Magic shows are said to have been started by Pairs clockmaker Jean Eugene Robert-Houdin — whose name was borrowed later by the famous Harry Houdini. Robert-Houdin opened a magic theater in Paris in 1845. At the same time, Englishman John Henry Anderson was drawing crowds in London with his alluring advertisements and grand showmanship.
Magic shows are always popular when they are well done. And as audiences have become more sophisticated, the illusions have gotten grander and grander. Think, for example, of the television performances of Doug Henning and David Blaine.
Even more recently, in addition to close-up magic and stage magic, we have seen the beginnings of computer magic. Some of these illusions, like Esmerelda's Crystal Ball, have convinced people that their computers have psychic powers.
What Types of Magic Should I Learn?
You'll want to be familiar with all eight types of magic, but you'll probably specialize in only one or two.
Think about the practitioners you enjoy watching. Do you absolutely love it when someone appears to have access to supernatural information? Or are you fascinated with objects turning up suddenly where they have no right to be? Maybe you're particularly drawn to magicians who manipulate objects which seem to pass through each other in defiance of logic or objects which transform from one form to another.
You'll also need to decide whether you want to focus your skill building on close-up illusions or on stage magic. Do you want to work with cards, coins, fire, or birds, for instance? Do you want to amaze your audience with your apparent clairvoyance or with the skill of your hands? Or do you want to go really big like some of the more notable practitioners such as David Copperfield, David Blaine, or Derren Brown? The possibilities are endless, but the dedication to practice and mastery are the same.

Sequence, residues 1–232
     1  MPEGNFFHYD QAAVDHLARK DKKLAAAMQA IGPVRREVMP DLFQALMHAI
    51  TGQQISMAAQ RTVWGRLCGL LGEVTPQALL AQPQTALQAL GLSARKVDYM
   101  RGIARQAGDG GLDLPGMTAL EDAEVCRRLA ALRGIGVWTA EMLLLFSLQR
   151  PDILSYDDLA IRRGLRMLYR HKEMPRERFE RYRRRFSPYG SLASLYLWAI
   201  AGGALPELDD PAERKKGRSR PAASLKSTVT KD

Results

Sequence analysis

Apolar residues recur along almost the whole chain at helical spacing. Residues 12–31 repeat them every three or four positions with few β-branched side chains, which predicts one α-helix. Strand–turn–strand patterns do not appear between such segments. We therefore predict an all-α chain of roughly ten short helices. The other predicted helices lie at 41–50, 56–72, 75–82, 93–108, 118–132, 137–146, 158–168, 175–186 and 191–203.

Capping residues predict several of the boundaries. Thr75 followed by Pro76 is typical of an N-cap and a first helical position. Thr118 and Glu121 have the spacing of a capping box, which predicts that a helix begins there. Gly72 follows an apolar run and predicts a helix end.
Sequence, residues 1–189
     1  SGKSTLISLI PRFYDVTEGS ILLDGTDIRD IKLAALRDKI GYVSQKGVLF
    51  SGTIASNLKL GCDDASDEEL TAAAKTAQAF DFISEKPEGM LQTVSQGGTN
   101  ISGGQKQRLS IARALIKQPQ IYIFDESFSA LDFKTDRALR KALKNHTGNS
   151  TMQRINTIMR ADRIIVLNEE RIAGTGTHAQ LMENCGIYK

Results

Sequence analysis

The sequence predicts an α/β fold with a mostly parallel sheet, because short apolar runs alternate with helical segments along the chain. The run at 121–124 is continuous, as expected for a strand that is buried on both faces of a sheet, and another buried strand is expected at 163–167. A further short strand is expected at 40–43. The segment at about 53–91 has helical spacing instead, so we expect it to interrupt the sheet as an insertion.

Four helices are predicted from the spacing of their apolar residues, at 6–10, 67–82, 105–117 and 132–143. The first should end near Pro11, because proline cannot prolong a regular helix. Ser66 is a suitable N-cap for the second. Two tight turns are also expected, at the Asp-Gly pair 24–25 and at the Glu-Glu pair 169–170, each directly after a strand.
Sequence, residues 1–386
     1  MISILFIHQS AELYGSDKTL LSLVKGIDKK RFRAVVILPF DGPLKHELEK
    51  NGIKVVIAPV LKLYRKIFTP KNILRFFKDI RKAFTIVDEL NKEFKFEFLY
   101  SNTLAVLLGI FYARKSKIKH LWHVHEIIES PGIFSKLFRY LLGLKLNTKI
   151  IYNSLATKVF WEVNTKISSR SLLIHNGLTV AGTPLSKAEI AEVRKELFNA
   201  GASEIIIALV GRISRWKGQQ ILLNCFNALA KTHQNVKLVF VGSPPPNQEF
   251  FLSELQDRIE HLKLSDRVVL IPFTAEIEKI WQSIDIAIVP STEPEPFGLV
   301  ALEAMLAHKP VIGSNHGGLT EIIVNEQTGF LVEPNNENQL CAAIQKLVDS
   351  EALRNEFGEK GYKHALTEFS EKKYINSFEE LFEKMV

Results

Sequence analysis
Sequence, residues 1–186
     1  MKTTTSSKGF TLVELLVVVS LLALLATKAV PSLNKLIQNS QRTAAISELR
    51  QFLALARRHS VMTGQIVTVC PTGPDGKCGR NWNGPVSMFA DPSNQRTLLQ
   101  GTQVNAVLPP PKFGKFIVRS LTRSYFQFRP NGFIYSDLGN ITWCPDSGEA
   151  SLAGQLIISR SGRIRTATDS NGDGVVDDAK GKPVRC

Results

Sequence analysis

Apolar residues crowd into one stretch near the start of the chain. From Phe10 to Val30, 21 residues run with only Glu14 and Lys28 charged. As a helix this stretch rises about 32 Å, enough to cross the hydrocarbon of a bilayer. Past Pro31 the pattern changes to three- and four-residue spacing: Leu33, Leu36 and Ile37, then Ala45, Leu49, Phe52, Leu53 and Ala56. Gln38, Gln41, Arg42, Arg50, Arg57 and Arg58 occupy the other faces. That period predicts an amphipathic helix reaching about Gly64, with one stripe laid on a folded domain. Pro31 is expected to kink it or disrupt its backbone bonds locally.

Successful illusions depend upon excellent skills no matter which types of magic you are learning to perform. There are handling skills, like being able to hold an object undetected in your hand. There are skills involved in using specialized equipment—without the audience knowing how that equipment works. And there are performance and showmanship skills to be mastered.
8 Types of Magic For Practitioners
As you're thinking about the types of skills you want to master, think about these eight basic types of magic.
Do you want to make a coin suddenly disappear? How about a larger object like a person, or even a car? There are specific skills that practitioners employ in any vanishing illusion. You'll want to master the basics of sleight of hand and of deflecting the attention of your audience in order to become proficient in vanishing magic.
Vanishing illusions are one of the types of magic that are often combined with appearance illusions or restoration tricks. One moment, an object vanishes or gets destroyed, the next it reappears or appears whole again.